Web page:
At least seven people were killed and three wounded Sunday in a mass shooting at a Sikh temple on the outskirts of Milwaukee, Wisconsin, police said.
Greenfield police chief Bradley Wentlandt confirmed that four people had been found dead inside the temple and three outside, one of whom was the gunman, who apparently acted alone.
Wentlandt said that a police unit was dispatched to the Sikh temple in Oak Creek, a Milwaukee suburb, after several 911 calls were received reporting shots fired at 10:25 a.m. local time (1525 GMT).
Oak Creek police chief John Edwards said that one of his officers who responded to the scene was treating a victim when he was "ambushed" by the gunman in the parking lot. The officer was shot multiple times and rushed to Milwaukee's Froedtert Hospital where he underwent surgery, he added.
The suspected mass murderer - who was not identified - was almost immediately shot and killed by a second officer, police said.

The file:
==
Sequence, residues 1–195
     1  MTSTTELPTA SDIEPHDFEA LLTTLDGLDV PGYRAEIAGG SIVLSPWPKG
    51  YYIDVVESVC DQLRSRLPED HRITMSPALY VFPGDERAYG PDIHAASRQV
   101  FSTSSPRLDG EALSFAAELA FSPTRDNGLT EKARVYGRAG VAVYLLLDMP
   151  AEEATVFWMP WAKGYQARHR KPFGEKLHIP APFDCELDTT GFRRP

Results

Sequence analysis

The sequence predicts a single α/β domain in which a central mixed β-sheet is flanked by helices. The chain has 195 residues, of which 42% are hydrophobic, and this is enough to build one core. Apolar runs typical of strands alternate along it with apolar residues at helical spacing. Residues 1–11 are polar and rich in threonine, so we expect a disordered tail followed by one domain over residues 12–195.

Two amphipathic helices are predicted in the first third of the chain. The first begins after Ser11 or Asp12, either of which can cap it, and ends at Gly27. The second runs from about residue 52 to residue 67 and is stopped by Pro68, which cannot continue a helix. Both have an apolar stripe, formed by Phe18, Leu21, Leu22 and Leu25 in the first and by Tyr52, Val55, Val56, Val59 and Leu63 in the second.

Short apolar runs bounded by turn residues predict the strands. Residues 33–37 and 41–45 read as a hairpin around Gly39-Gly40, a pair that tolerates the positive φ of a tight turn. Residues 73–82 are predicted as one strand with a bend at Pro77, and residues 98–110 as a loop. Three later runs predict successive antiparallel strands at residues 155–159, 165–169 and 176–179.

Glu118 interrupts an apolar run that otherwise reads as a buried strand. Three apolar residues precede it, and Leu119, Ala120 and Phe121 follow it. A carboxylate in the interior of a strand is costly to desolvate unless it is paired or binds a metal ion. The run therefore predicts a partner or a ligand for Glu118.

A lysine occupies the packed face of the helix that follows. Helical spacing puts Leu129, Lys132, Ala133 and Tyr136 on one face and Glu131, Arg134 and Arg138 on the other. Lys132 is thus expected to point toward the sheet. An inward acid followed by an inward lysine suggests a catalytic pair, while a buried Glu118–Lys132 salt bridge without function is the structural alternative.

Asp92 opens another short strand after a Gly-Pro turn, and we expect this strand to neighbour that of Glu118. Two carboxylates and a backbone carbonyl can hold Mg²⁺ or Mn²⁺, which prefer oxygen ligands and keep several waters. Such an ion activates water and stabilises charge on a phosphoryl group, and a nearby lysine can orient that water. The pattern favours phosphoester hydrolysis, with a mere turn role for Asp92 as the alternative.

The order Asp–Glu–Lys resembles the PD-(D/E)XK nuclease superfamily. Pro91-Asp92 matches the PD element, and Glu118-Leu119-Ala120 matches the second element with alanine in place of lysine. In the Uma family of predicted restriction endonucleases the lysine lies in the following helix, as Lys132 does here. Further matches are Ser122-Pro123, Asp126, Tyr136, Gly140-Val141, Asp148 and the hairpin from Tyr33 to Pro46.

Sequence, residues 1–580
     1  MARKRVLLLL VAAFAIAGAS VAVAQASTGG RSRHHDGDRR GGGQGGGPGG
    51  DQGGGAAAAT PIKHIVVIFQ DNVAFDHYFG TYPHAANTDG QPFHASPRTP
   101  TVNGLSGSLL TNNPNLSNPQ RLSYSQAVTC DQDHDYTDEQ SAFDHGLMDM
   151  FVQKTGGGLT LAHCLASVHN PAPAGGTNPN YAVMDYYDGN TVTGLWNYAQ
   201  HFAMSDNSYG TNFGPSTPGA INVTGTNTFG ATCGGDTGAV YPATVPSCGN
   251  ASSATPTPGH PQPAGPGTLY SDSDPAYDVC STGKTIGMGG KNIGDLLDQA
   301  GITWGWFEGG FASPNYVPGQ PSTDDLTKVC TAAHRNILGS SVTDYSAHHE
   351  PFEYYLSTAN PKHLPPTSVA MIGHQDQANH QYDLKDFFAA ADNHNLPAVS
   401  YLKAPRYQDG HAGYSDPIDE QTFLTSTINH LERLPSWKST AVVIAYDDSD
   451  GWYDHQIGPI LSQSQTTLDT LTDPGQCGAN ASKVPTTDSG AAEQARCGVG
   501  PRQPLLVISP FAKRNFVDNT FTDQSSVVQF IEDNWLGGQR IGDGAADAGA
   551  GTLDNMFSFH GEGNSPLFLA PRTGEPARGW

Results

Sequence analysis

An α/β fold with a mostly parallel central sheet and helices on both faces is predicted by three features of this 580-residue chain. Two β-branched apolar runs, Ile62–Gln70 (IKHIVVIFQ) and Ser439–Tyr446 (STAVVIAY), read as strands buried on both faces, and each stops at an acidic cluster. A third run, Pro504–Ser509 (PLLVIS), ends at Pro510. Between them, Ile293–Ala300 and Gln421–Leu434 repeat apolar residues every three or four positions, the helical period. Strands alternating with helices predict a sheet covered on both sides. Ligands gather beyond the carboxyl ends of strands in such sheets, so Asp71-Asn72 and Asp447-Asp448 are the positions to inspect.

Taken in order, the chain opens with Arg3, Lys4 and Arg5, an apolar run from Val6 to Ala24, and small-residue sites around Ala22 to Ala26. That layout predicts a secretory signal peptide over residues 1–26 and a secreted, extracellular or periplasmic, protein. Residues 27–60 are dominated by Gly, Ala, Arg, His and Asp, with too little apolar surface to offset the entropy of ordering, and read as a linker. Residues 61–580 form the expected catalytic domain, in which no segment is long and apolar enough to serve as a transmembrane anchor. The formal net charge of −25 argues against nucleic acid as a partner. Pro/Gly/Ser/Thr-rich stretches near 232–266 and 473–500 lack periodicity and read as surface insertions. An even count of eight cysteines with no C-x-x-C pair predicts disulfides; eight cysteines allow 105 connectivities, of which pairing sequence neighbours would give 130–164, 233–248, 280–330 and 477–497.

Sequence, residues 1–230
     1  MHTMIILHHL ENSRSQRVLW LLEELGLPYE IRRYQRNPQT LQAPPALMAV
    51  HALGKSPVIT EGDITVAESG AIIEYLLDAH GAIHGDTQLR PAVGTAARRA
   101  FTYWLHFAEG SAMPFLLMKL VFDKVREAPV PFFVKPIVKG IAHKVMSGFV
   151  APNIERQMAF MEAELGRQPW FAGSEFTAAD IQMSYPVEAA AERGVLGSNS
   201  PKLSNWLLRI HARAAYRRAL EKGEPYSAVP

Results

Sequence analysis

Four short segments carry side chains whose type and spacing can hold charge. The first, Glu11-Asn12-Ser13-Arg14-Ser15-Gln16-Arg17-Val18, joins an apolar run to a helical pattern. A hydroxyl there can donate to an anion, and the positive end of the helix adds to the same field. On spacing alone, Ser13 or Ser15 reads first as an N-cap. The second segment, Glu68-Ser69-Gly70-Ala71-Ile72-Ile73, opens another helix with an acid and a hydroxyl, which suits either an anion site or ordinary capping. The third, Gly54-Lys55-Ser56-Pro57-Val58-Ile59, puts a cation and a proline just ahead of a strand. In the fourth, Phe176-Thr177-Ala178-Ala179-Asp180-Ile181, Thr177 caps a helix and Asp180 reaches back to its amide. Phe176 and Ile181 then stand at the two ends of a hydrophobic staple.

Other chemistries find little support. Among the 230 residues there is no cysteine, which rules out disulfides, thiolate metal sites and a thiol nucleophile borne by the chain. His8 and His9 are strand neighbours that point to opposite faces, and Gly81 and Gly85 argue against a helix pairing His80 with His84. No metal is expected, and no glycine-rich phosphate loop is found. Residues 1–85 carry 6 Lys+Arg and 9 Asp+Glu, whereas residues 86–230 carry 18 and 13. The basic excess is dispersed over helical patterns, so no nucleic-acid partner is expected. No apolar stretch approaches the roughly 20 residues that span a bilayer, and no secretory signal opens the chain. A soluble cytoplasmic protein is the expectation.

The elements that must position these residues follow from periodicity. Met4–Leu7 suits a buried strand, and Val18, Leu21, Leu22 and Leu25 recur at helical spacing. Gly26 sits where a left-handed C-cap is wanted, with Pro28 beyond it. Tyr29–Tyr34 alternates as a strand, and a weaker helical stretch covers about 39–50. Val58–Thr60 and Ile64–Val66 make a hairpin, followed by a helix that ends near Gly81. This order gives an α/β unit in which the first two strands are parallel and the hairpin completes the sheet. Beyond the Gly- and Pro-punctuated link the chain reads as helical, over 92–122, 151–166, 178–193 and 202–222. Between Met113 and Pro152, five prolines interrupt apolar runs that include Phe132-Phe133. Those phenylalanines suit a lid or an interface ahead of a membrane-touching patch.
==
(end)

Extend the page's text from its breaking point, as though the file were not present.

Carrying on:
Later, authorities found four bodies inside the temple and two more outside, besides the gunman.
At present, the motives for the attack are not known, but U.S. authorities said that it was being treated as an act of "domestic terrorism."
Dozens of worshipers, among them many women and children, were gathering for a meal before the 11:30 a.m. prayer service at the temple when the shooting occurred. Approximately 500 members are in the temple's congregation, officials said.
The chief medical officer of Froedterdt Hospital, Lee Biblo, said that the health center had admitted three wounded men in the wake of the shooting, all of whom are in "critical" condition with multiple gunshot wounds.
Wisconsin's Republican governor, Scott Walker, said in a communique that local authorities are working with the FBI to uncover the facts in the case.
President Barack Obama sent his condolences to the Sikh community, and presumptive Republican presidential nominee Mitt Romney did the same.
The Sikh religion, which is the fifth largest in the world in terms of numbers of believers with 27 million, is a monotheistic faith that sprang up in India in the 16th century. As many as 500,000 Sikhs live in the United States.
More than 700 hate-related incidents against Sikhs have been reported since the Sept. 11, 2001, terror attacks, according to the Associated Press. "Sikhs don't practice the same religion as Muslims," the AP noted, "but their long beards and turbans often cause them to be mistaken for Muslims, advocates say." EFE